Richards, John Nigel
He was the son of Captain Anthony Reynell Threlfall Richards and Mariquita Elisabetta Angelica Richards (née Caird), of 2 Via Della Dogana, Florence, and entered Mr. A.E. Wilson’s House from Summerfields in September 1921. He was not athletic but tackled academic subjects with a quiet competence, and had no difficulty in getting into Sixth Book. In October 1926 he went up to Christ Church, Oxford, where he developed an interest in History and took a First Class in the Honour School in 1929.
He then went into business, becoming a company director. He lived at Hamlet House, Chetnole, Dorset, and on January 30th 1937 married Pamela Betty Fletcher Mossop, daughter of John Fletcher Mossop of Aldon, Somerset. The couple had one daughter.
In May 1943 he joined the RAFVR, and served as a rear-gunner with 7 Squadron, a Pathfinder Squadron operating from RAF Oakington equipped with Lancaster III bombers. The members of his crew spoke highly of his ability and courageous action.
On the evening of January 14th 1944 Richards was on board Lancaster JA905 (MG-V), which had survived five major operations, when it took off from Oakington at 1653.
Nearly five hundred aircraft set out on this, the first major raid on Brunswick. However, Brunswick was smaller than Bomber Command’s usual targets, and the raid was not a success. The city reports described this only as a ‘light’ raid, with bombs in the south of the city which had only ten houses destroyed and fourteen people killed. Most of the attack fell either in the countryside or in Wolfenbüttel and other small towns and villages well to the south of Brunswick. Back in England, it became clear from German radio that they had followed the progress of the bomber force from a position only forty miles off the English coast. Many German fighters entered the bomber stream soon after the German frontier was crossed near Bremen, and they steadily picked of the British planes until the Dutch coast was crossed on the return flight. Thirty-eight Lancasters were lost, eleven of them Pathfinders: 7 Squadron lost three, one of them Richards’.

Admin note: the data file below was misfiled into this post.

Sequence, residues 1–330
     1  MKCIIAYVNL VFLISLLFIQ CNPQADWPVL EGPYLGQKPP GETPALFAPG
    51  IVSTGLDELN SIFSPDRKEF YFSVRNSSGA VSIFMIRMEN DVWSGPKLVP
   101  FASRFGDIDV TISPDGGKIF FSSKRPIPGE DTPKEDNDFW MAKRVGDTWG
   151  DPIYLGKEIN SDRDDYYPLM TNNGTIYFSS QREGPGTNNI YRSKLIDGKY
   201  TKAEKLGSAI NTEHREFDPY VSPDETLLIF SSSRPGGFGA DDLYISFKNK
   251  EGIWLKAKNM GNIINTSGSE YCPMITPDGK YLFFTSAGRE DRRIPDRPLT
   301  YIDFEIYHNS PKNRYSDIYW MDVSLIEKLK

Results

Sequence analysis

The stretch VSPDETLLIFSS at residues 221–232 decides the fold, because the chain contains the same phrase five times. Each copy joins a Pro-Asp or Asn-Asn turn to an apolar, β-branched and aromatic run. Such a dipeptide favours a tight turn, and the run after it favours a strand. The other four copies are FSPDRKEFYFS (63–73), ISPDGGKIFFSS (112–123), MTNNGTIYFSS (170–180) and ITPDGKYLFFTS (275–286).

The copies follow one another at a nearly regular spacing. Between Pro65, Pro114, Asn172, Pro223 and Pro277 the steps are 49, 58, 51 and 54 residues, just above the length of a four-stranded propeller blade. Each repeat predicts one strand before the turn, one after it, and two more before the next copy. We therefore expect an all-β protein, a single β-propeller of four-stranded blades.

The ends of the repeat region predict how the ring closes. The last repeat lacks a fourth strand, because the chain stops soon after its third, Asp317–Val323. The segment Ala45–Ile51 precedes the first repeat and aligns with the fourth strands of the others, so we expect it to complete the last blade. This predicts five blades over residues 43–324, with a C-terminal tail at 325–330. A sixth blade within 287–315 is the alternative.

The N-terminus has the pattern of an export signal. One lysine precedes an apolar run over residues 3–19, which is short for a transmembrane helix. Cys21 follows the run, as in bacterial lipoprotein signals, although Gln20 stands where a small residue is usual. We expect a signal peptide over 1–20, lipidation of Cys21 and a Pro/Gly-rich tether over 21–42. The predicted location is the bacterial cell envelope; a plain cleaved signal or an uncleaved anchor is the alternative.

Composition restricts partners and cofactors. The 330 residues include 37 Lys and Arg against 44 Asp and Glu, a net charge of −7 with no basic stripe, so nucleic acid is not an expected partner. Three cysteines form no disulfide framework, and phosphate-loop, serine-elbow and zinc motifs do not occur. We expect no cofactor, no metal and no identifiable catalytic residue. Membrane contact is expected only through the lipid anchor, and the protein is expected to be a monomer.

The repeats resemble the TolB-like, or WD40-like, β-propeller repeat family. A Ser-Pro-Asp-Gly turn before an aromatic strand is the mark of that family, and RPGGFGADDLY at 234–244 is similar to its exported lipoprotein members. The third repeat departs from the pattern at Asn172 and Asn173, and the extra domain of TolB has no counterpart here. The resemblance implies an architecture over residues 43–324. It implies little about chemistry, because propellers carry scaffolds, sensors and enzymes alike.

Richards is buried in Collective Grave 3.G.4-11 of the Hanover War Cemetery. Fellow members of his crew also lie in this collective grave, which was used to hold the remains of several bomber crews shot down on the Brunswick raid.
On the same raid, fellow Wykehamist Flight Lieutenant Andrew Thomas Lawson-Tancred (C1928-1932), of 49 Squadron, was also shot down; he too lies in Hanover War Cemetery (see individual entry).
- Surname: Richards
- Forenames or initials: John Nigel
- House: K
- Years in School: 1921-1926
- Rank: Pilot Officer
- Regiment: RAF Volunteer Reserve
- Date of Birth: 16th February 1908
- Date of Death: 14th January 1944
- How Died: Killed in Action
- Location in War Cloister: Inner E1
- Decoration: NA
- Burial Site: Hanover War Cemetery: Collective Grave 3.G.4-11